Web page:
The Inner Life of a .NET Developer

Yes, Russell Ball is a successful .NET developer. But that doesn’t mean he’s unaware of the .NET community’s limitations.


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Clearly, Russell Ball is an accomplished and successful .NET developer. Which means he’s all too aware of the not-so-kind things said about .NET culture.

Indeed, Ball, 36, who lives and codes in Kansas City, Kansas, is one of the people who says those not-so-kind things. He’s even been known to post them on his blog, Caffeinated Coder.

Okay, Russ, out with it: what do you really think of .NET programmers?

.NET developer, Russell Ball

Russell Ball, .NET guy

“The .NET developers are the American tourists of the software industry,” he tells me. That is, they’re unaware of the larger world, even intellectually incurious. All around them thrives an exotic and rich world of programming languages, but .NET programmers are often content to lounge at the tech equivalent of the Holiday Inn, snacking on delicious Velveeta cheese spread.

Wait, you’re not saying that .NET aren’t as smart as other programmers, are you?

Actually, no, not exactly. “People in the outside world know Americans who are perfectly intelligent and perfectly civilized, but the ones who are loud and obnoxious are easily noticed,” Ball says. “It’s the same thing with the .Net world. It’s a fairly small group who’s considered really under-qualified, but I think they’re more visible and more publicized.”

Contributing to this problem is .NET’s low barrier to entry. Visual Basic – from which many programmers come to .NET – is considered very easy to learn. Consequently, many business power users, who aren’t actually programmers, can code in it.

In other words, enter the clowns.

The real hard-core programmers – the C+ boys, for instance – glance over at these semi-techies with a distinct disgust. In their eyes, a .NET developer is like a bike rider who won’t take off his training wheels.

“So that’s the origins of maybe why there’s a little bit of animosity between Microsoft and non-Microsoft,” Ball notes.

And this perception, he admits, has a certain reality to it.

“It [the world of .Net developers] tends to be a very insular community. If you go into the Java or Linux world, it tends to be very multi-cultural. If you’re not a Microsoft shop, then you have a whole lot of language options open to you. You’re probably in a corporate environment where, if you want to use a particular language, everything’s a lot more accepted. You have a lot more freedom of choice.”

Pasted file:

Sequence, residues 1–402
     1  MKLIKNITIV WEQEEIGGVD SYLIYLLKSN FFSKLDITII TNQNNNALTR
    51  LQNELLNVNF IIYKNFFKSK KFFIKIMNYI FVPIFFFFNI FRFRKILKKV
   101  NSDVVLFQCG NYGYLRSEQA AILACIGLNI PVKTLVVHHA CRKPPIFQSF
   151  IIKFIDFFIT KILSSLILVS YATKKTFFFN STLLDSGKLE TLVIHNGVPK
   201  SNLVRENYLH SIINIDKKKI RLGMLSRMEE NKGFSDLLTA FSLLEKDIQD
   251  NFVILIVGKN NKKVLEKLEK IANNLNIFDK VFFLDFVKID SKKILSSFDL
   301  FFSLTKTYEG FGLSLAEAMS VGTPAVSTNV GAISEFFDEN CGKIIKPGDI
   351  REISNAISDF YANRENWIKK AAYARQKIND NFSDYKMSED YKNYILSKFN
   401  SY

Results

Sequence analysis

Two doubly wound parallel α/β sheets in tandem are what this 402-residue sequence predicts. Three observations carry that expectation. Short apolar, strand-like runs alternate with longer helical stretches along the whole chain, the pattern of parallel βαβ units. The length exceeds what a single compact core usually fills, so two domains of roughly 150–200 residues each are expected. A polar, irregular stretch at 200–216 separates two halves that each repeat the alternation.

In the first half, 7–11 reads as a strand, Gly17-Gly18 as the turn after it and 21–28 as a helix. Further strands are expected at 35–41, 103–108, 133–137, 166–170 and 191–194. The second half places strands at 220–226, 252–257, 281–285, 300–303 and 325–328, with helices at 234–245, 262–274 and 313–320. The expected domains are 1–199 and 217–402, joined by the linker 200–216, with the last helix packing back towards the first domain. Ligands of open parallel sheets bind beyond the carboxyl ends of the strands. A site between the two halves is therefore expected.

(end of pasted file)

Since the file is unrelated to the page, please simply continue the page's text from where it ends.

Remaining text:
Ball notes that in a Microsoft shop (which he’s worked in for the last 8 years), the prevalence of Microsoft servers – and the comfort factor that the Microsoft corporate identity inspires with executives – locks developers into Microsoft-centric choices. Hence the insular nature of some .NET developers.

So does that mean that .NET developers don’t have the skill level of other developers?

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“I think if you took the top 20 percent versus the non-Microsoft programmers, they would probably be about the same exact skill level,” he says. “But because Microsoft has traditionally had easier barriers to entry for people in the business world, I think there’s probably a difference in the lower 20 percent, in their skill levels. People who are kind of dabblers in it, versus people who came from a computer science background.”

“To some extent, because of the low barriers to entry, there does exist kind of a small underclass of a hybrid between a power user and a programmer. Sort of a programmer-lite.”

Oh wow, that hurts – “programmer-lite.” Ouch.

Change Begins with One’s Self

Ball, though he remains a dedicated .NET developer, is working to broaden himself, to travel far afield from the walled world of .NET to the more diverse cosmos of many languages.

“There’s not a whole lot I can do to affect the stereotype,” he says. “But one thing I can do is to try to be a little bit more multicultural in the sense of learning more [programming] languages, doing a better job of preparing.”

Every language in every environment has certain strengths and weaknesses, he explains.

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Tags: .NET, developer, MVC, Microsoft, programming

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